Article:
Re: rebased background worker reimplementation prototype

From: Tomas Vondra <tomas(dot)vondra(at)2ndquadrant(dot)com>
To: Andres Freund <andres(at)anarazel(dot)de>
Cc: Tomas Vondra <tv(at)fuzzy(dot)cz>, pgsql-hackers(at)postgresql(dot)org
Subject: Re: rebased background worker reimplementation prototype
Date: 2019-07-16 19:16:29
Message-ID: 20190716191629.al652qwkf7nkx537@development
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On Tue, Jul 16, 2019 at 10:53:46AM -0700, Andres Freund wrote:
>On 2019-07-12 15:47:02 +0200, Tomas Vondra wrote:
>> I've done a bit of benchmarking / testing on this, so let me report some
>> basic results. I haven't done any significant code review, I've simply
>> ran a bunch of pgbench runs on different systems with different scales.
>> System #1
>> ---------
>> * CPU: Intel i5
>> * RAM: 8GB
>> * storage: 6 x SATA SSD RAID0 (Intel S3700)
>> * autovacuum_analyze_scale_factor = 0.1
>> * autovacuum_vacuum_cost_delay = 2
>> * autovacuum_vacuum_cost_limit = 1000
>> * autovacuum_vacuum_scale_factor = 0.01
>> * bgwriter_delay = 100
>> * bgwriter_lru_maxpages = 10000
>> * checkpoint_timeout = 30min
>> * max_wal_size = 64GB
>> * shared_buffers = 1GB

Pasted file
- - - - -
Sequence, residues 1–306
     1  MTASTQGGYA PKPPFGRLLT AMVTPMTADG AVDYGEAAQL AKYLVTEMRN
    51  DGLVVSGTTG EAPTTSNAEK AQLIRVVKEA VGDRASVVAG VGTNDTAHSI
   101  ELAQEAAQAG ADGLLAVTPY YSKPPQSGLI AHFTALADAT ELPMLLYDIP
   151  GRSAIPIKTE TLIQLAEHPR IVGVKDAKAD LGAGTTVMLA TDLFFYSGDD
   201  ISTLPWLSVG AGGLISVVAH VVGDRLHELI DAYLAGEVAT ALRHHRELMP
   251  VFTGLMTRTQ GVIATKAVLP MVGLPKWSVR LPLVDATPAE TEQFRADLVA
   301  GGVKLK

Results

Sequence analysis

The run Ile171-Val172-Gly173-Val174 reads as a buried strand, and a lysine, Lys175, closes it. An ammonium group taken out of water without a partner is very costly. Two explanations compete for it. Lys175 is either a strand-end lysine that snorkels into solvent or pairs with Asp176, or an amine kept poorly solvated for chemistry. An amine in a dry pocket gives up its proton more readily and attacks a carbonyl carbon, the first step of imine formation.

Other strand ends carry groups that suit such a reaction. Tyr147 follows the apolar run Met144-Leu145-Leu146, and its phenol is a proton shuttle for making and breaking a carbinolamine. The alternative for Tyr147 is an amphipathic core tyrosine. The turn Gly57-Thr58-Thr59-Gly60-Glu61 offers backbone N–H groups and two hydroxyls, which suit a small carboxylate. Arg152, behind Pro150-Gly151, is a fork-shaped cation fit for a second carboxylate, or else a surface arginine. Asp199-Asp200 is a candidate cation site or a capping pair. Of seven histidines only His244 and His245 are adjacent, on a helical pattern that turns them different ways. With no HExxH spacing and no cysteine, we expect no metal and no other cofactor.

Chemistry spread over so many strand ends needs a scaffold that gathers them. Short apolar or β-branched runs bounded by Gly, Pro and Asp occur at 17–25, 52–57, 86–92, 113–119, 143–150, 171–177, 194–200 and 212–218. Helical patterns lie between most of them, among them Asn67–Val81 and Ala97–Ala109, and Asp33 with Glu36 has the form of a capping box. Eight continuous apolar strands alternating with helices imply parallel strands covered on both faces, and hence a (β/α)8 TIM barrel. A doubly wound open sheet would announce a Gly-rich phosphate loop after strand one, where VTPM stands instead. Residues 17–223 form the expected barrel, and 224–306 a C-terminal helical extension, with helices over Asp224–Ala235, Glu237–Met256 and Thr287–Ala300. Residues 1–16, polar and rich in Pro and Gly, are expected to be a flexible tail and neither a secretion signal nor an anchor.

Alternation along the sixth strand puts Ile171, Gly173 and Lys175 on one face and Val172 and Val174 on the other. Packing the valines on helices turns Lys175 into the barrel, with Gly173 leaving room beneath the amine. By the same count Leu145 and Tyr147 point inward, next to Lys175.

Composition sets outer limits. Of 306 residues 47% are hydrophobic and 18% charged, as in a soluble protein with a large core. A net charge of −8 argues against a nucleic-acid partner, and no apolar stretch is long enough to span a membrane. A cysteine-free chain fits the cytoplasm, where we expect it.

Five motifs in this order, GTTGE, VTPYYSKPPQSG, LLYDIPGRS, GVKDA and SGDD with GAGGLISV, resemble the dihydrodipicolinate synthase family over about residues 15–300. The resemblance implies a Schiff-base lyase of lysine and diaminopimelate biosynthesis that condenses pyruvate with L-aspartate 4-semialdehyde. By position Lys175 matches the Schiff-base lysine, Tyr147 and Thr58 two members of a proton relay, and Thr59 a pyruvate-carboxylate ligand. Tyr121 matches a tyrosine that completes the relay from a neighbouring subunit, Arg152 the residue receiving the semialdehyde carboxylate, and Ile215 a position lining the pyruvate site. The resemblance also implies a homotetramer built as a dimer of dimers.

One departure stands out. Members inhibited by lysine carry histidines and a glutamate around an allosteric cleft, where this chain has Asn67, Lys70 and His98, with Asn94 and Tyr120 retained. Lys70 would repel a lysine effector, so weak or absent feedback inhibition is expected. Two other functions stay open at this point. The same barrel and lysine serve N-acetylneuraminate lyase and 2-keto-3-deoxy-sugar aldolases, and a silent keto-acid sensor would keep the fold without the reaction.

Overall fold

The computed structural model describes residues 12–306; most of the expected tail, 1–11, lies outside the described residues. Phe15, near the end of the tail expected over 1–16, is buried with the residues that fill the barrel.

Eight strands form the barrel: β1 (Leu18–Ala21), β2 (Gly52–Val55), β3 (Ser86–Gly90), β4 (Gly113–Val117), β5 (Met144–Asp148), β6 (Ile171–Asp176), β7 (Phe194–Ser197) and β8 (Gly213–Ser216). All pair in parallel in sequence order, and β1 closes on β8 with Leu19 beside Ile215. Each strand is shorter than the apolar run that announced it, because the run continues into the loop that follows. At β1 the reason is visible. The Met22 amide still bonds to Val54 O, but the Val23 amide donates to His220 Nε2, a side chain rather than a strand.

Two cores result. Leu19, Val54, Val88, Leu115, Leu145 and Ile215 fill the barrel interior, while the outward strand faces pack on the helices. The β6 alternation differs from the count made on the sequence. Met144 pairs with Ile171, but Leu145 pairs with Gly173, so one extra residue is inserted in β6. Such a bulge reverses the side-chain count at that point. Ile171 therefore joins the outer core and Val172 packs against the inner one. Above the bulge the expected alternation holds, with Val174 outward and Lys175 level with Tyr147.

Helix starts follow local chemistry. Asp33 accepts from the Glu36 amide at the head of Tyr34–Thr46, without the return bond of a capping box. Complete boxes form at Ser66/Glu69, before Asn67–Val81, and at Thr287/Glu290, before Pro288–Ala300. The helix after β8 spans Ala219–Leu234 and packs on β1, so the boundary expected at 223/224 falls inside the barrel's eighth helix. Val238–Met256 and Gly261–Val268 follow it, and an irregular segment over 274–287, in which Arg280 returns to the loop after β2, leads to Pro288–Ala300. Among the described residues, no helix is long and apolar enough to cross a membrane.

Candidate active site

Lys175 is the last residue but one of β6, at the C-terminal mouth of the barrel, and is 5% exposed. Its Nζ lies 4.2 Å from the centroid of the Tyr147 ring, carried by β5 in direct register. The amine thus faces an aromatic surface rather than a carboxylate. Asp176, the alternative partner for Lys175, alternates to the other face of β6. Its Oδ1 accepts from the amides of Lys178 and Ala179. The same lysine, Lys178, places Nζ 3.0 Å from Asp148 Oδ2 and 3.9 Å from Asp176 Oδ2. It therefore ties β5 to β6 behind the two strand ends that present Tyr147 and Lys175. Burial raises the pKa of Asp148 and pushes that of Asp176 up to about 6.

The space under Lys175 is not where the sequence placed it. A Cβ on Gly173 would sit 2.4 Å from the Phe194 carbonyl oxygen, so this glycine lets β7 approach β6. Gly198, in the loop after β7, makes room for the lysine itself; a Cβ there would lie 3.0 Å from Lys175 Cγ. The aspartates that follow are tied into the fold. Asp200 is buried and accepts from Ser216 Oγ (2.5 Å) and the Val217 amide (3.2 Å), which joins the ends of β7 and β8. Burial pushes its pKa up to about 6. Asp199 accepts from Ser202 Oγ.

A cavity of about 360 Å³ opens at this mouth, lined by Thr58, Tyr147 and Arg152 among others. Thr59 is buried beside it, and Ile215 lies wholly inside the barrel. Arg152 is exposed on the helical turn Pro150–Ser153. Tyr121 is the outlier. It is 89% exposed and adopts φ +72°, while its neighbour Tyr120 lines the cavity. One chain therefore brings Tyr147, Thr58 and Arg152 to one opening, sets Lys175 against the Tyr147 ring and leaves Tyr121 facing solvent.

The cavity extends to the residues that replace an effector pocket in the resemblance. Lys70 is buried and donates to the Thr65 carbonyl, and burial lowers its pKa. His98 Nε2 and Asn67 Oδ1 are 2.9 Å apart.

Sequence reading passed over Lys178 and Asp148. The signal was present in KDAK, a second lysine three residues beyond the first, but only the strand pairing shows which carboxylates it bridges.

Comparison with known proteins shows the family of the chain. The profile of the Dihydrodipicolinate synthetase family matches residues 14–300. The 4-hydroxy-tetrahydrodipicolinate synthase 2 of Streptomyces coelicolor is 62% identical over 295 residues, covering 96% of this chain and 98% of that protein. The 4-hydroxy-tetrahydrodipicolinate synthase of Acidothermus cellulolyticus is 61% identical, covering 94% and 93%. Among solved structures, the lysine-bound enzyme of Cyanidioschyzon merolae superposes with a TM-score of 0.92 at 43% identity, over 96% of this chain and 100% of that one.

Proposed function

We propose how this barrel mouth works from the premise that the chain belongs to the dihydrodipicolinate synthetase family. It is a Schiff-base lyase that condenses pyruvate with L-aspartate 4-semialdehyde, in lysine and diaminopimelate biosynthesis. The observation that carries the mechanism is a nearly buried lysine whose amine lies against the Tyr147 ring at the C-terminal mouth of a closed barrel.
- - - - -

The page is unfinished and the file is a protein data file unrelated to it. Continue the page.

>What's the controller situation here? Can the full SATA3 bandwidth on
>all of those drives be employed concurrently?

There's just an on-board SATA controller, so it might be a bottleneck.

A single drive can do ~440 MB/s reads sequentially, and the whole RAID0
array (Linux sw raid) does ~1.6GB/s, so not exactly 6x that. But I don't
think we're generating that many writes during the test.

>> System #2
>> ---------
>> * CPU: 2x Xeon E5-2620v5
>> * RAM: 64GB
>> * storage: 3 x 7.2k SATA RAID0, 1x NVMe
>> * autovacuum_analyze_scale_factor = 0.1
>> * autovacuum_vacuum_cost_delay = 2
>> * autovacuum_vacuum_cost_limit = 1000
>> * autovacuum_vacuum_scale_factor = 0.01
>> * bgwriter_delay = 100
>> * bgwriter_lru_maxpages = 10000
>> * checkpoint_completion_target = 0.9
>> * checkpoint_timeout = 15min
>> * max_wal_size = 32GB
>> * shared_buffers = 8GB
>What type of NVMe disk is this? I'm mostly wondering whether it's fast
>enough that there's no conceivable way that IO scheduling is going to
>make a meaningful difference, given other bottlenecks in postgres.
>In some preliminary benchmark runs I've seen fairly significant gains on
>SATA and SAS SSDs, as well as spinning rust, but I've not yet
>benchmarked on a decent NVMe SSD.